We loved the mural outside, which was done by Shepard Fairey who famously painted the Obama “Hope” poster. We followed Hadley to a nearby art gallery that had an exhibition on photography (and a pretty fun gift shop which is where I ended up!).
We made a few more stops along the way — including a really cool dive bar at the King Edward Hotel.
The bar was a dive back when it first opened and remains the case now. We also got complimentary shots and enjoyed a brief break before continuing our journey. Be sure to check out the bathroom while you’re there. You’ll thank us after seeing it (or think you walked onto the set of CSI!).
Now for the speakeasy part. I purposely separated out the underground shots so you couldn’t figure out where to find them. Trust me, I know all the tricks and probably would try to figure it out as well. We learned that during prohibition, alcohol was much easier to get than you might think. The studios were mostly up in Los Feliz, Silverlake and Hollywood. But the young Hollywood stars — flush with cash — would head to downtown LA to party it up! But the businesses had to come up with creative ways to hide the goods. Below are some of the hidden bars only recently discovered and available to tour with Cartwheel Art.
Next up, we go deep into the dark tunnels. Watch out for cockroaches, mice and ghosts. The owners who have access to all these locations have reported seeing all of the above!
The underground speakeasies still have many of the original items left behind. Today the business owners are still sorting through many of the collectible items.
And of course, the “legal” speakeasies are coming back in vogue. The tour included stops at two recently-opened speakeasies (all accessible to the public) that channel the prohibition fun. But part of the fun is just finding them. On this trip we checked out the deceivingly large El Dorado as well as the very cool Rhythm Room, which once was a hub for the jazz scene that exploded in LA in the 1940’s and 1950’s.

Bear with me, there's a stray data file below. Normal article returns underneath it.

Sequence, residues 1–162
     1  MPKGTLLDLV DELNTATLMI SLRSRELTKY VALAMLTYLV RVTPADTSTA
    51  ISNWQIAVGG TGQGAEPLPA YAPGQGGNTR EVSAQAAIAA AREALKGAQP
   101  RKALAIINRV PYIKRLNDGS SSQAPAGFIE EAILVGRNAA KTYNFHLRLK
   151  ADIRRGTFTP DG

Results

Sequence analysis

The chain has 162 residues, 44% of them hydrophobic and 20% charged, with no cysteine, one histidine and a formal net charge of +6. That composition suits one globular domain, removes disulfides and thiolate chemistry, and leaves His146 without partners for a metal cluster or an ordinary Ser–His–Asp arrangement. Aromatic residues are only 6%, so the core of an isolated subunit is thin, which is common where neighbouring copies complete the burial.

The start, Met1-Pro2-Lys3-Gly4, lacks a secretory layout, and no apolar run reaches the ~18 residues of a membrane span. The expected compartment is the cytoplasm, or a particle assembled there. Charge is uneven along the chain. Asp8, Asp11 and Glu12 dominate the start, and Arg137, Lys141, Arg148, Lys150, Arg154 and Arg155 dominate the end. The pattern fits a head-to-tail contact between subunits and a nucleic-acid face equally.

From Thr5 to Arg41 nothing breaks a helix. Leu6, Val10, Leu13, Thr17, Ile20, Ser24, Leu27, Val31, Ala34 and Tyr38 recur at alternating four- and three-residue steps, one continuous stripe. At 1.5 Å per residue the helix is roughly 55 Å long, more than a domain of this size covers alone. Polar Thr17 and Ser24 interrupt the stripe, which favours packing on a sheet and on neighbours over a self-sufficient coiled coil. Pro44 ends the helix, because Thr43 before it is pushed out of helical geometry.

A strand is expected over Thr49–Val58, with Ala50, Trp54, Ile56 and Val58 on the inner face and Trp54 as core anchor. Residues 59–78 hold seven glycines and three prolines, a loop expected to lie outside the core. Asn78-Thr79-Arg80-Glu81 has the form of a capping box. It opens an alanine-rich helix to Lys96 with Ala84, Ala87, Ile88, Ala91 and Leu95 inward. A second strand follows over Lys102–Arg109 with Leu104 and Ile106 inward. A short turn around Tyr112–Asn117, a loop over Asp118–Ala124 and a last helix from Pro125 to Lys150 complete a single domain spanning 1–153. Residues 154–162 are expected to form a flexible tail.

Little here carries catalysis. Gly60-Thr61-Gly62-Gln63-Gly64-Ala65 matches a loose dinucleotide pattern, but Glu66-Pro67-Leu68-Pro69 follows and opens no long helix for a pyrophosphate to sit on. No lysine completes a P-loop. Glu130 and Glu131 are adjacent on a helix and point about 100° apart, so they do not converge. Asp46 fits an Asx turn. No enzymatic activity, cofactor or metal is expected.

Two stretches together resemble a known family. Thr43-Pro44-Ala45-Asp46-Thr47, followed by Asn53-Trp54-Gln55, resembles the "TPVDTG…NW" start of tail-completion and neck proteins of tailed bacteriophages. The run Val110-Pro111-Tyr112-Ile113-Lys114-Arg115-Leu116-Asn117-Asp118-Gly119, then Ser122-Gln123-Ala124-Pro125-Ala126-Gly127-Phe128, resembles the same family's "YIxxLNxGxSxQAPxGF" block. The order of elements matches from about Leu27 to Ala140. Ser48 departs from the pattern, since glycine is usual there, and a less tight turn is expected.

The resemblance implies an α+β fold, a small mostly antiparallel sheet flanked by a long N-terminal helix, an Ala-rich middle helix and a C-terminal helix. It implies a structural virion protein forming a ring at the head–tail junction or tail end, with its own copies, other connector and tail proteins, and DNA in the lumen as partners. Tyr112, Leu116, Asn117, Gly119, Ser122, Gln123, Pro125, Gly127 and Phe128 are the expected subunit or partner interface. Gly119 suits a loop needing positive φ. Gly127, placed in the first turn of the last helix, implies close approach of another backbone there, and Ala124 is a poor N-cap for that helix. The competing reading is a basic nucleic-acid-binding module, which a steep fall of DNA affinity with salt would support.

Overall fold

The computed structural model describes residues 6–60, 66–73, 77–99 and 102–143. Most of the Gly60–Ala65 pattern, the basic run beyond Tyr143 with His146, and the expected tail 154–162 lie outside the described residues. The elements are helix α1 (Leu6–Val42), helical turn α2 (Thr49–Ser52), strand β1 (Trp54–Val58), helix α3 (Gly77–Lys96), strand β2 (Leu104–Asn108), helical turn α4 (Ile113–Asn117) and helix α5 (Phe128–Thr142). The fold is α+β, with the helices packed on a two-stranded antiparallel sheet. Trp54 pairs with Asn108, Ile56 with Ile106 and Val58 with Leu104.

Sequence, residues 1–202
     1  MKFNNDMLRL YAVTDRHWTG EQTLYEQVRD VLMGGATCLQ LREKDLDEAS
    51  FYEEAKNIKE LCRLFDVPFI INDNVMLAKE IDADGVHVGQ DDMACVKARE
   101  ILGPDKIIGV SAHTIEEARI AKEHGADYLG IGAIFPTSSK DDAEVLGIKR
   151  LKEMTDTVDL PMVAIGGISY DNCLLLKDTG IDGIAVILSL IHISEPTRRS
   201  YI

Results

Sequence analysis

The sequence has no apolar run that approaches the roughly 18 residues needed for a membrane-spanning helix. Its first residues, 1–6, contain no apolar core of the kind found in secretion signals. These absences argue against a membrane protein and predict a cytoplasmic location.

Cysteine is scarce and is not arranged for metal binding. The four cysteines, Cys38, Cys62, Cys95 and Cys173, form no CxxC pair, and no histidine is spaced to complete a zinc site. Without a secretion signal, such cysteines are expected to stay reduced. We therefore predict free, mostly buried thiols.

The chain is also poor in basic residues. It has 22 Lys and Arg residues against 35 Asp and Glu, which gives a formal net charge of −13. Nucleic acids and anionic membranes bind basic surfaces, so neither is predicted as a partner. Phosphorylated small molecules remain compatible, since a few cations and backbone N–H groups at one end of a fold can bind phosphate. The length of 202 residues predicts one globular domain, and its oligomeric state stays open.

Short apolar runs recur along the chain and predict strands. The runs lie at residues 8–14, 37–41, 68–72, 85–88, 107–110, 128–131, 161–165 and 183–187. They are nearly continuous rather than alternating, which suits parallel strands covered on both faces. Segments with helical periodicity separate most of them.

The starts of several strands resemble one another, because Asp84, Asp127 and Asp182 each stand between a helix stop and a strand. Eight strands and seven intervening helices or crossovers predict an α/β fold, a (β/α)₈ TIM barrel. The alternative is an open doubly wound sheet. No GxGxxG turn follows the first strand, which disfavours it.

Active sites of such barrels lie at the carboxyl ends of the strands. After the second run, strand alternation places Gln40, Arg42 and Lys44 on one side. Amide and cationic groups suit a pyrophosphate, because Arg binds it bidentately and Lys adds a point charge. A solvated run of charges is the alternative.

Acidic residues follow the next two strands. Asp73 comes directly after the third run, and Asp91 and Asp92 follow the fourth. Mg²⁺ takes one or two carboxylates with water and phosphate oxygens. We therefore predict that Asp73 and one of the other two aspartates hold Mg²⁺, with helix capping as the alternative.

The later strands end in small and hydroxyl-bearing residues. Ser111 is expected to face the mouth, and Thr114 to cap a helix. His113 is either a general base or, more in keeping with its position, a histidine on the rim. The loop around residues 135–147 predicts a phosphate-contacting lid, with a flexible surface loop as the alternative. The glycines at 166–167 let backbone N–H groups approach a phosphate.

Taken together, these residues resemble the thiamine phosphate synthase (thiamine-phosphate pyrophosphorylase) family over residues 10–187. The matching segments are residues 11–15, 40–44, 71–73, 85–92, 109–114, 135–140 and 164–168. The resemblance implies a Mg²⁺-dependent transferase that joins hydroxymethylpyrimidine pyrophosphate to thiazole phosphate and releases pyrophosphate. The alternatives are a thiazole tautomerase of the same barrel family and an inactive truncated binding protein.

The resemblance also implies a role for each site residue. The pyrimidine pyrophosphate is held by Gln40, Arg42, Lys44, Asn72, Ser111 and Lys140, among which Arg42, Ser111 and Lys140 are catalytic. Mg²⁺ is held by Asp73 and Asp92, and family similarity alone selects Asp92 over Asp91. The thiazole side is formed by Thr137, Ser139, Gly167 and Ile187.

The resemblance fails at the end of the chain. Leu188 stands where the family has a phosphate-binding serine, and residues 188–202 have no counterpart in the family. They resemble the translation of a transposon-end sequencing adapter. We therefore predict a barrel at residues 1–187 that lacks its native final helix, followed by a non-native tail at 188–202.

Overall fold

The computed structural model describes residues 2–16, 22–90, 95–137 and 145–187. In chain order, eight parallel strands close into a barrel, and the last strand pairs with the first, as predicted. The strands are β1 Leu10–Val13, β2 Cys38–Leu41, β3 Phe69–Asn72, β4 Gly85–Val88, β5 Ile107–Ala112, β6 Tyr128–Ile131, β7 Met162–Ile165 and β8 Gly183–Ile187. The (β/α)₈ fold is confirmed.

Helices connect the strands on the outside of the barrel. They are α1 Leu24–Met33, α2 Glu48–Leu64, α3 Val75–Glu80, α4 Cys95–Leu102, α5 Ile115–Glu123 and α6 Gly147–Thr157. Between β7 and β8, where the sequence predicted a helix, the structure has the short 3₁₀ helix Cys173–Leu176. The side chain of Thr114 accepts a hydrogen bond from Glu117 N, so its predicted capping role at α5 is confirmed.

And that’s where we wrapped! Afterwards, we grabbed some dinner nearby at Little Sister, which I’ve been dying to try for months. It was a perfect way to wrap up our evening and see just how far LA has changed over the years. Be sure to check out the tour, and we guarantee you’ll learn something new and find parts of LA you never knew existed.
THE LOW DOWN:
- Cartwheel Art offers a variety of public tours which can be booked directly off their website. They also can do private tours if arranged in advance.
- Tickets for the Underground tour are $85 per person. Each tour is limited to a small group and run about 2.5 to 3 hours.
- Public tours are offered on the weekends. In addition to the Underground tour, they also are currently offering Paranormal ghost tours, an Arts District mural tour, and a graffiti and barbecue tour.
- Each tour is customized and can vary depending on what’s available each day. It makes it especially fun if you plan to do the tour more than once with visitors in town.
- Besides taking a tour, be sure to check out Cartwheel Art Magazine, which has become the go-to for Los Angeles’ art scene news, updates, interviews, reviews and coverage of local and national art fairs. Each tour incorporates art into it, which we loved!